Which States Allow Shipping Container Homes?
Image Credit: Eric Schmid, ALLFORD HALL MONAGHAN MORRIS

Which States Allow Shipping Container Homes?

Have you ever considered living in a converted shipping container?  Technically all states allow shipping container homes. But in some states, it is harder to get permission.

The following states have more lenient zoning laws or non-restrictive building codes. Therefore, converting a shipping container into a home is more straightforward in these states.

  • Arizona
  • California
  • Colorado
  • Florida
  • Georgia
  • Idaho
  • Indiana
  • Kansas
  • Maine
  • Massachusetts
  • Michigan
  • Minnesota
  • Nebraska
  • Nevada
  • New Hampshire
  • New Mexico
  • North Carolina
  • Oregon
  • Pennsylvania
  • South Carolina
  • South Dakota
  • Tennessee
  • Texas
  • Vermont

There are still container home building regulations and codes related to the above states. So be sure to research building codes before you buy a container home.

The trend for Tiny Homes shows no signs of stopping. Shipping containers are perfect for an upcycled, eco-friendly tiny house. They make great single-family homes and can form part of a larger community.

Let's look at shipping container home living.

Container Home Communities
Container homes, communities, and villages are appearing all over the United States. Blocks of shipping containers act as meeting rooms, cafés, shops, and homes.

The following innovative uses of shipping containers create inclusive communities for start-ups, homeless villages, and neighborhood revitalization.

Shipping Container Community
Image Credit: The Cargo District Team

Cargo District, Wilmington, North Carolina
The Cargo District in Wilmington is a community of creatives. They all live and work in recycled shipping containers. All the businesses are start-ups, making the community even more unique.

Every month The Cargo District invites the public on tours of the community. Visitors get to see for themselves how the project is progressing. In addition, they get the opportunity to ask questions about shipping container living and working.

 
Old shipping containers become new homes for Las Vegas valley veterans

Cheaper, smaller housing for veterans is the goal of one Las Vegas valley group that's launching a new form of housing. bit.ly/32IrJK9

Posted by KTNV Channel 13 Action News on Monday, November 11, 2019


Sands Cares Container House Village, Las Vegas, Nevada
When it comes to providing emergency housing, shipping containers come into their own. They are easy to transport and can adapt to accommodate people almost immediately. For example, the Veteran's Village at Sands Cares offers affordable housing for homeless veterans. It has been a lifesaver for some, enabling them to enjoy a more stable life.

The Home Depot Foundation provided funding for the prototype. The village has been an enormous success, and similar villages for veterans are springing up around the USA.

Squirrel Park, Oklahoma City, Oklahoma
Squirrel Park is a container village that brought new hope to a derelict site. The site had been left to ruin for many years and was a magnet for crime. Developers put families first to create a space and houses with community living in mind.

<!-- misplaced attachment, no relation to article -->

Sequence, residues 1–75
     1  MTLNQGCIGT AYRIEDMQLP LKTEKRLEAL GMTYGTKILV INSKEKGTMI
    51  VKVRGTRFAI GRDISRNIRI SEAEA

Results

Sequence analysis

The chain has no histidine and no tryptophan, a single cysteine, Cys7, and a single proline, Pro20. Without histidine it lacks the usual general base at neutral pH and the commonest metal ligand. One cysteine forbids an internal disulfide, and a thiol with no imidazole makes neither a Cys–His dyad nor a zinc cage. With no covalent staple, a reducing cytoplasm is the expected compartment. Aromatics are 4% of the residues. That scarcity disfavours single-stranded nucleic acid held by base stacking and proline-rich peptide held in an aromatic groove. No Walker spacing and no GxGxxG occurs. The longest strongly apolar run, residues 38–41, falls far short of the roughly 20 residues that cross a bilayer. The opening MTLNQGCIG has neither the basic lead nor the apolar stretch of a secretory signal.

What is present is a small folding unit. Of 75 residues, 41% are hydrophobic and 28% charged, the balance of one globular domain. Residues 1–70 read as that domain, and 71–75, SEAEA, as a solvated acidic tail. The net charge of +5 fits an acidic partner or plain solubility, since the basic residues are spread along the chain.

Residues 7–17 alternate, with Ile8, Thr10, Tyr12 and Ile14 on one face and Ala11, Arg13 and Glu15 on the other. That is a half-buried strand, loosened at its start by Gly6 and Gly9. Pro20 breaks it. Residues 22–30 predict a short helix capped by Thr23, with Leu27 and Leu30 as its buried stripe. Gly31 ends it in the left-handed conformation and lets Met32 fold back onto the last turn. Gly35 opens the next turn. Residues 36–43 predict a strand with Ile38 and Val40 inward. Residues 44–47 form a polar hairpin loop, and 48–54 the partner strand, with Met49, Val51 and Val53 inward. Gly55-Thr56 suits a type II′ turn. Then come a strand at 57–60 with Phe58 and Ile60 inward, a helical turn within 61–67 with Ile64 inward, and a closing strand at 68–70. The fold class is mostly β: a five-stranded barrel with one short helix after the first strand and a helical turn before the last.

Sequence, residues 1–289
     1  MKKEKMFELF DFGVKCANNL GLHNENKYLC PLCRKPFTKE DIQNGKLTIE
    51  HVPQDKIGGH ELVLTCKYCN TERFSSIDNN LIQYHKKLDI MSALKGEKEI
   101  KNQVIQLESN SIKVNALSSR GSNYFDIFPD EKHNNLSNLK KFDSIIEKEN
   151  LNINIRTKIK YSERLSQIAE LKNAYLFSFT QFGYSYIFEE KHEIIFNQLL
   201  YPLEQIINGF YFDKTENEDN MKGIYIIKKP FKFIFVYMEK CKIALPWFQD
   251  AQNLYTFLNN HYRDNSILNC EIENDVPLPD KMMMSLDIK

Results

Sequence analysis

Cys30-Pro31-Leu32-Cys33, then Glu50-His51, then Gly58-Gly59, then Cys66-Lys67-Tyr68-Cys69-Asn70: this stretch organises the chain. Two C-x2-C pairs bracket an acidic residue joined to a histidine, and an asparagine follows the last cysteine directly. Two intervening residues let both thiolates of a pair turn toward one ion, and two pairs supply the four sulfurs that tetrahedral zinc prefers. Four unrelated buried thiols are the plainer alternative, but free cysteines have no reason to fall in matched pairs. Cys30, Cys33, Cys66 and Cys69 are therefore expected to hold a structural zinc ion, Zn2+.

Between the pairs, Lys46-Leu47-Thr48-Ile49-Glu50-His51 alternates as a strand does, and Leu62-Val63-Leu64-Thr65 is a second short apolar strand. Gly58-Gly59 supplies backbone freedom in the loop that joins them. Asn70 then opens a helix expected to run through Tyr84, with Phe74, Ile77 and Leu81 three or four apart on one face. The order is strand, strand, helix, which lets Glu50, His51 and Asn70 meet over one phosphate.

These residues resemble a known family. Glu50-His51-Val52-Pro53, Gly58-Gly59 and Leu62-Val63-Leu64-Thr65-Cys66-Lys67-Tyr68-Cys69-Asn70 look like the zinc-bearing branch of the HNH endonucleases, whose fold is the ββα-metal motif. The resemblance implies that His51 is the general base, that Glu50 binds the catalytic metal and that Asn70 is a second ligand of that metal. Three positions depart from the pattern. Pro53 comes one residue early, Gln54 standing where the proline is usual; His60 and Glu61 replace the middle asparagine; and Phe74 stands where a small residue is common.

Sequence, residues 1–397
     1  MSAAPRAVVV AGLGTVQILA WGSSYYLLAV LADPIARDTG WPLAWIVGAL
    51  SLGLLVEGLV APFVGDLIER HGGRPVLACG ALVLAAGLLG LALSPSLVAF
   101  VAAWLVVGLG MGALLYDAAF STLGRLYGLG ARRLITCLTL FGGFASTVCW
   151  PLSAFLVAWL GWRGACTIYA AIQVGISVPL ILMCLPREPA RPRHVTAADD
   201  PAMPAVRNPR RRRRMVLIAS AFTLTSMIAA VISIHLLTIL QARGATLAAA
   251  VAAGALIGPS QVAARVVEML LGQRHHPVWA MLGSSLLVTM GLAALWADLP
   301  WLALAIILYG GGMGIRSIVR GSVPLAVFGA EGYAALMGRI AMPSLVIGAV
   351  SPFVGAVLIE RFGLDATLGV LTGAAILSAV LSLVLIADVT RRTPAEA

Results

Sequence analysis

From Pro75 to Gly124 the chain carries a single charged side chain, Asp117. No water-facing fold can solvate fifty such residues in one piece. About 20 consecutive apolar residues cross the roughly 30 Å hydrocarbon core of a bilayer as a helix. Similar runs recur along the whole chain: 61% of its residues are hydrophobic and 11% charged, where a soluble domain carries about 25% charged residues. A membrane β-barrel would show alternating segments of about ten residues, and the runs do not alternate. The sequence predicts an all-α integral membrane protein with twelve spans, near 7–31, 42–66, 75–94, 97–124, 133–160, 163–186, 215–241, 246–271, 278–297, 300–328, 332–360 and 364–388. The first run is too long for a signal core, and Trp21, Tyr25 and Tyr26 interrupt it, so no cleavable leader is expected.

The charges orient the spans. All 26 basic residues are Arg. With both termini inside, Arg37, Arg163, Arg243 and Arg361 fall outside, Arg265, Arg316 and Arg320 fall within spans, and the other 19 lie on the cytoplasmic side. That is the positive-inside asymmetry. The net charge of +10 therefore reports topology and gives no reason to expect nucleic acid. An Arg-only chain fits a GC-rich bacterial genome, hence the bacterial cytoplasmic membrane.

The development is now a pleasant place to live. Its main features are green spaces, covered porches, and mature trees. Each unit rents for around $2,000 per month.

Shipping Container Zoning Laws
Image Credit: Eric Schmid, ALLFORD HALL MONAGHAN MORRIS

Shipping Container Zoning Laws
Shipping container zoning laws for storage containers are different from containers used for storage. Zoning laws can be vastly different between states. Sometimes even regions within a state have different rules.

For example, in Riverside County, California, local laws do not allow container homes. Yet, the state of California allows the conversion of shipping containers into homes.

Zoning codes break urban land into portions. These provide the basis for the position of structures in each zone. Zoning regulations are there to control and focus on development, growth, and density. Local authorities have their own zoning laws, so be sure to check the codes in your area.

Zones categorize areas into residential and commercial, which explains why bars are far away from neighborhoods.

If shipping container laws do not fall in your favor, remember that some states may be more flexible with their container home zoning laws.

Here are some examples of zoning laws and how they may affect your shipping container home.

  • Set-back from the Property Line. Set-back is a zoning law that defines how close a building can get to the front, side, and back of property lines. But as a building gets taller, the set-back dimensions change, creating a tiered effect.

    There is a good reason for this law. Moving a building away from the property line as it grows allows for sunlight to reach the street.

    You can stack shipping containers to create multi-level homes. But in certain cities, you might have to set each container back as the unit grows.
     
  • Dimensions of a Property. Most zoning laws define the footprint size of the home. The size of the house must fall within those size boundaries.

    Some counties have a minimum required footprint.

    For example, 
    Dixie, Levy, and Pasco counties in Florida stipulate that a building must be no smaller than 600 square feet. Container sizes are between 160 and 320 square feet, so you could not have a single container as a home. You could, of course, double up on your container to reach the desired minimum size.
     

Check your shipping container local zoning laws. We have now established that every county has different zoning laws. You must do your research for your area. Check the container home zoning rules for your area here. If you cannot build your container home where you want it, try the next county over, and you may be ok.

Shipping Container Building Codes
Image Credit: Eric Schmid, ALLFORD HALL MONAGHAN MORRIS

Shipping Container Building Codes
Shipping container building codes
are sets of rules that dictate the design and build of structures. After all, structures must be legal and safe for the residents and the community.